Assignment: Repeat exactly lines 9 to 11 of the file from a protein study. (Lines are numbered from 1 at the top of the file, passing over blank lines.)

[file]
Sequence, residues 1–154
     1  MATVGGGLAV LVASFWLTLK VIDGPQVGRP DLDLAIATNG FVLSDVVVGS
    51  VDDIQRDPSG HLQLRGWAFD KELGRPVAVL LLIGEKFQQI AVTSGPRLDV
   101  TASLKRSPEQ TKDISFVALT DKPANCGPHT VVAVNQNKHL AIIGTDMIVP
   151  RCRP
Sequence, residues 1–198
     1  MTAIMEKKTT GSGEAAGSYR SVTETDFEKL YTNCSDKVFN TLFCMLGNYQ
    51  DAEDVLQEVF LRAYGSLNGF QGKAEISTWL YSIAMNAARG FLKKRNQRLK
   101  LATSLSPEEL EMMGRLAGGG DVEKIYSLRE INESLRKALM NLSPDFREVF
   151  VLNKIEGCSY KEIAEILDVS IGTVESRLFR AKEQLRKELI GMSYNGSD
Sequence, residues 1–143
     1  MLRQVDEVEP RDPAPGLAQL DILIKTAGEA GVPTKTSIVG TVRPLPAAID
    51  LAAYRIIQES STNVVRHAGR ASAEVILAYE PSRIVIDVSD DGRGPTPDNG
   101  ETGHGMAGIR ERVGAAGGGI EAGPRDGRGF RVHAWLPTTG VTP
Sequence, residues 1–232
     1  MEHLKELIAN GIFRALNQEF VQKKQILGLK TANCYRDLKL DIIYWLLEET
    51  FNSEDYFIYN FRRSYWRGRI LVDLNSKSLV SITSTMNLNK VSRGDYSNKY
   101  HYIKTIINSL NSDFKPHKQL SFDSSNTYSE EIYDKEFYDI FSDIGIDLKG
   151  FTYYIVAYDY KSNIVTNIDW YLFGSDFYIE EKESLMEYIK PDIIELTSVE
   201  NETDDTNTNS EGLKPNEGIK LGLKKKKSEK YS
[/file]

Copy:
   101  LATSLSPEEL EMMGRLAGGG DVEKIYSLRE INESLRKALM NLSPDFREVF
   151  VLNKIEGCSY KEIAEILDVS IGTVESRLFR AKEQLRKELI GMSYNGSD
Sequence, residues 1–143